The Red-backed Fairywren is a passerine bird that is endemic to Australia. It was first scientifically described by the Orinthologist of the National Museum of Victoria, George Mack.
A Red-backed Fairywren in Noosa, Queensland
There are 2 sub-species that are recognised:
- Malurus melanocephalus melanocephalus – this is the nominate subspecies of Red-back Fairywrens. It has a longer tail, orange back, and is found from North Queensland to the northern coastal areas of New South Wales. This bird was formerly called the Orange-backed Fairywren.
- Malurus melanocephalus cruentatus – found across northern Australia from the east (northern Queensland) to the west (the Kimberleys, Western Australia). This sub-species is smaller than the nominate species. Males of this sub-species that breed on Melville Island have a deeper crimson colour on their back. In fact, cruentatus means to be bloodstained.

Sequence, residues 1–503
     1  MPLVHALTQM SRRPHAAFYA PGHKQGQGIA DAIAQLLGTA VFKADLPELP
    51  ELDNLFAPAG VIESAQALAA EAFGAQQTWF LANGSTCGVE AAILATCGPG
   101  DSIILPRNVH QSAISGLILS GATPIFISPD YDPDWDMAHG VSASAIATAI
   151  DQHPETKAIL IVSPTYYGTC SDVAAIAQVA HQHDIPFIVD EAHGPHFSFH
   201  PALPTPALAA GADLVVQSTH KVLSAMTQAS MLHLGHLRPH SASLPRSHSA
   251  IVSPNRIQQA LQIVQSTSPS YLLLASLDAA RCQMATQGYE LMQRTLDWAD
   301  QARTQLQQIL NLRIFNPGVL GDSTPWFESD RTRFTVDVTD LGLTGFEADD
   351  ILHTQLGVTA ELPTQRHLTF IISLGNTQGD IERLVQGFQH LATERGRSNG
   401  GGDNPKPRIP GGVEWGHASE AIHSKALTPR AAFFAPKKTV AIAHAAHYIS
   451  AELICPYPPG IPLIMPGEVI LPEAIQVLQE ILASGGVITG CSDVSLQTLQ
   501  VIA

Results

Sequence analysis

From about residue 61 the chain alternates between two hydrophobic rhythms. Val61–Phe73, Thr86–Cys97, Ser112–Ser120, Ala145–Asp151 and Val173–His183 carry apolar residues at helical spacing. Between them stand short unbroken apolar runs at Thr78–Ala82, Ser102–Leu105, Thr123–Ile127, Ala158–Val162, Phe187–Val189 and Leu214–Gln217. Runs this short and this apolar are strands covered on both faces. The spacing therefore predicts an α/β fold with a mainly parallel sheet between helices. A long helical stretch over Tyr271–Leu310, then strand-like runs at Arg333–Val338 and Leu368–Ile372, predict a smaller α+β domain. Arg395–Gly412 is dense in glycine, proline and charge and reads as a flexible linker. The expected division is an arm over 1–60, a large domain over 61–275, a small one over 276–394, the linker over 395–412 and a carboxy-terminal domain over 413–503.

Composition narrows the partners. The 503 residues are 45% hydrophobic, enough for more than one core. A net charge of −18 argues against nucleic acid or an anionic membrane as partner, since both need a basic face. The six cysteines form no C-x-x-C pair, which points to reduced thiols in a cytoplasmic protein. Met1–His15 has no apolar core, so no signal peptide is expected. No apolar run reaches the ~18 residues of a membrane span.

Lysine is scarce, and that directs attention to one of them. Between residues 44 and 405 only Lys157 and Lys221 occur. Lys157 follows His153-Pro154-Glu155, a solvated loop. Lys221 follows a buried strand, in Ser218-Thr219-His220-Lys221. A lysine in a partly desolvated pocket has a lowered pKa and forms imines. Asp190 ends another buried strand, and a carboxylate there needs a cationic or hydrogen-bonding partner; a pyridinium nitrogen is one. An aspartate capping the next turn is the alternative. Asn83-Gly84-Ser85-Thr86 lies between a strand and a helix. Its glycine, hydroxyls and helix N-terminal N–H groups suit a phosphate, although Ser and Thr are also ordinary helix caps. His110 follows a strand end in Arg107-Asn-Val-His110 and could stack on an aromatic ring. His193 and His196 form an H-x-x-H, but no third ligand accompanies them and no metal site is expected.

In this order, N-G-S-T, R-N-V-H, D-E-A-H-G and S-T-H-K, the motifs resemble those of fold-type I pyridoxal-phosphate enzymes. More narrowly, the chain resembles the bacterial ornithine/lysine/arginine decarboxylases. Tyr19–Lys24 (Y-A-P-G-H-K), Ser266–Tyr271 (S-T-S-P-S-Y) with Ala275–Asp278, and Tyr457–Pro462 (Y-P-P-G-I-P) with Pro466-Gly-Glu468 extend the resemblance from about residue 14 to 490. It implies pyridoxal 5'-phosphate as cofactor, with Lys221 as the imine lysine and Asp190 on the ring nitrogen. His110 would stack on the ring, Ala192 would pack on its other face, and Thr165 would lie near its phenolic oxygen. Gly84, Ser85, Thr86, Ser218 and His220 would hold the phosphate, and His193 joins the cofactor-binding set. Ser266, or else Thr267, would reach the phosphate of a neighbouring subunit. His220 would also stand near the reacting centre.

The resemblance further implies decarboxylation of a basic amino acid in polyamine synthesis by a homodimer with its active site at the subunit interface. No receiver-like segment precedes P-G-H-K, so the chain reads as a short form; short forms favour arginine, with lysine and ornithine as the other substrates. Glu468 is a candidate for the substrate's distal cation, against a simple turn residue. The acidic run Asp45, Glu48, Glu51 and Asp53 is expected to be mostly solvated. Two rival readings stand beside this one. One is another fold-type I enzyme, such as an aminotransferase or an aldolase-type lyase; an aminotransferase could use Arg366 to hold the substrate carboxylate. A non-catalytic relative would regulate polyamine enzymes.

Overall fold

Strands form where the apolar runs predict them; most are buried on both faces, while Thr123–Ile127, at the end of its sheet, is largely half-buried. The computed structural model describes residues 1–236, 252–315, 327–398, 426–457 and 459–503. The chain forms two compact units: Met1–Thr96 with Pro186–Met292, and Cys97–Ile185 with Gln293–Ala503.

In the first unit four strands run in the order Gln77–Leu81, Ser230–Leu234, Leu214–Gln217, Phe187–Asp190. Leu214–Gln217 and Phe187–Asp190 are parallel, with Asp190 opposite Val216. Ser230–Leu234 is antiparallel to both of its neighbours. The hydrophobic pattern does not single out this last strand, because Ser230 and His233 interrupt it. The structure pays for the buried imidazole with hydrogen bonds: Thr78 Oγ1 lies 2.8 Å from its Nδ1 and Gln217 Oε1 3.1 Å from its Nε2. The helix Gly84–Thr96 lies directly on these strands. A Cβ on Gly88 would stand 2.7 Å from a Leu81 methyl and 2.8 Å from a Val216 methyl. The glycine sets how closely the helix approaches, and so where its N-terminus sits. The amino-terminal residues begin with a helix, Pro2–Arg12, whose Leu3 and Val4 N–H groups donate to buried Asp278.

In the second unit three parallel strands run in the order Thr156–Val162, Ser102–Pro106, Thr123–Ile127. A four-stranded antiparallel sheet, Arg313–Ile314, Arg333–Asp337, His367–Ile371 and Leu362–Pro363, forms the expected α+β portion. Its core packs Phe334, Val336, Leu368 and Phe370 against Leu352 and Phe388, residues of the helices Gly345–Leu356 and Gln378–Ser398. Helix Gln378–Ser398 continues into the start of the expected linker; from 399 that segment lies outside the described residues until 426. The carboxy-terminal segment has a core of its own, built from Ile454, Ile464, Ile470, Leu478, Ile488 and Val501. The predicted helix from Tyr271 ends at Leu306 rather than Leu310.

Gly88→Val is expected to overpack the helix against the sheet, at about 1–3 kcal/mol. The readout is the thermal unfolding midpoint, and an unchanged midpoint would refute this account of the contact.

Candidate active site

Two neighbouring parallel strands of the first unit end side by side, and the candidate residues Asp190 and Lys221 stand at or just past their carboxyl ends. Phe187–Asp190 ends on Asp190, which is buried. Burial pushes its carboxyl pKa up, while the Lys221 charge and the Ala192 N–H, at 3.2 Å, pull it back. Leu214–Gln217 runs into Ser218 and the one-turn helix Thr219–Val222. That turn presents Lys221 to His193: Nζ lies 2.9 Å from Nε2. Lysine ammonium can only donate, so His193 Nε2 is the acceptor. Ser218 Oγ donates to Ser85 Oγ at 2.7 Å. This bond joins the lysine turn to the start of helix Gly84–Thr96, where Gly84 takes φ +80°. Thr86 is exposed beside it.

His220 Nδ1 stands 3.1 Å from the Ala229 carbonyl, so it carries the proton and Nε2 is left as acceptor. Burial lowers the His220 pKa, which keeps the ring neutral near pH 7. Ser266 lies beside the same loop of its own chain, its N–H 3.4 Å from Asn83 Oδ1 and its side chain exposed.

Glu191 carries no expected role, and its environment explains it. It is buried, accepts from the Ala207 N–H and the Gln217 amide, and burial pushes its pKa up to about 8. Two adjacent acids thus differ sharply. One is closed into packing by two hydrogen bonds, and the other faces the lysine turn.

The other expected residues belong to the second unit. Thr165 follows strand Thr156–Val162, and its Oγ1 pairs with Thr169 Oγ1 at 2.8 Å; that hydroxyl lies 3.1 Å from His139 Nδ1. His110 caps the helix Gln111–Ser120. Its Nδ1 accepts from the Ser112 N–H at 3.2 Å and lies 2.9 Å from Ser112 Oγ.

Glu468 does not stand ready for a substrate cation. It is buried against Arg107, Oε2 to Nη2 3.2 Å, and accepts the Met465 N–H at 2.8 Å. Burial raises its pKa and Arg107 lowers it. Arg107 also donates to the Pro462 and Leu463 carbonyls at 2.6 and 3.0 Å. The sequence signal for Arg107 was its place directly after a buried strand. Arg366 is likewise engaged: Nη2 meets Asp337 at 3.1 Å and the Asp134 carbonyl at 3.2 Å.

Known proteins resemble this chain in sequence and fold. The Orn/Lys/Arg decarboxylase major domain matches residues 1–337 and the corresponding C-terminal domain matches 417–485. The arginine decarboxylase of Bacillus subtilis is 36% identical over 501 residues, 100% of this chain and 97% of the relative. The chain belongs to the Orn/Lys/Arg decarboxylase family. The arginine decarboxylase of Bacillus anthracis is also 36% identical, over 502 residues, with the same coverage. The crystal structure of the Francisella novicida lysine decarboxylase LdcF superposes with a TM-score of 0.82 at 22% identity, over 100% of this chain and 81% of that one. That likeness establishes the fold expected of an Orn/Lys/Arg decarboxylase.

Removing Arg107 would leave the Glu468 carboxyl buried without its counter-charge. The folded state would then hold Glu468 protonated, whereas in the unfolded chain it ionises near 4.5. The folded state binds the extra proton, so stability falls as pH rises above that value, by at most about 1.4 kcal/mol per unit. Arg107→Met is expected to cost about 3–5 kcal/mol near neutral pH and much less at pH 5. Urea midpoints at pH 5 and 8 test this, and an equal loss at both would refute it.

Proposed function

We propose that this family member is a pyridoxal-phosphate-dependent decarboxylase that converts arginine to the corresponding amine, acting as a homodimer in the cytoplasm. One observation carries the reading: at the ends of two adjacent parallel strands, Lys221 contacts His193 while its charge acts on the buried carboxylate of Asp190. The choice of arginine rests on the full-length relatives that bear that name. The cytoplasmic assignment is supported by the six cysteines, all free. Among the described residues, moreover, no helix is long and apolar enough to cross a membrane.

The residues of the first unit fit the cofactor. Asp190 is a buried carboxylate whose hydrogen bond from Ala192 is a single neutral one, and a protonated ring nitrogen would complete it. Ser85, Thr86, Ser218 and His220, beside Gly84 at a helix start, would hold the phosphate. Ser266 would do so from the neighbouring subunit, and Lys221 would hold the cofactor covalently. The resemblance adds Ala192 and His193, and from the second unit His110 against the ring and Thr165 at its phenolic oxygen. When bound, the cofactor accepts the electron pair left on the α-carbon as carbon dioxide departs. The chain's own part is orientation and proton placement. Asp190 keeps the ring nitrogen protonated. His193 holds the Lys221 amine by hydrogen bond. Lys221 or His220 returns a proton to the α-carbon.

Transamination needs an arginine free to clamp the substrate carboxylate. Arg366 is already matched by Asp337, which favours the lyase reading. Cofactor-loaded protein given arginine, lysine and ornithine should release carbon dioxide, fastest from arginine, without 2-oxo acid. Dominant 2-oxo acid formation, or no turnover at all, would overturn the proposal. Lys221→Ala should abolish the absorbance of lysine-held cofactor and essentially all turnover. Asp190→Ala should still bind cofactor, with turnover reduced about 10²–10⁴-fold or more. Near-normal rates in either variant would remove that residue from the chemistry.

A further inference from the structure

A female Red-backed Fairywren
Red-backed Fairywrens are about 11.5 cm long and weigh between 5 to 10 grams. There is marked sexual dimorphism where males have full breeding plumage by the 4th year – males will have a black head and body, brown wings, and its striking red back. Otherwise, it will just have a brown upper body and white underparts. Females do look similar with a buff brown body and a yellow spot under the eye. Some females have a blue tint in the tail.
Red-backed Fairywrens prefer to live in savannah and heathland especially where there are tall grasses and low shrubs which provide cover for them. When feeding, this bird likes to eat insects. It will also supplement its diet with small fruits and seeds. Their predators include the feral cat, red fox, Australian Magpie, butcherbird, Blue-winged Kookaburra, ravens, crows, goannas, shrike-thrushes, and more.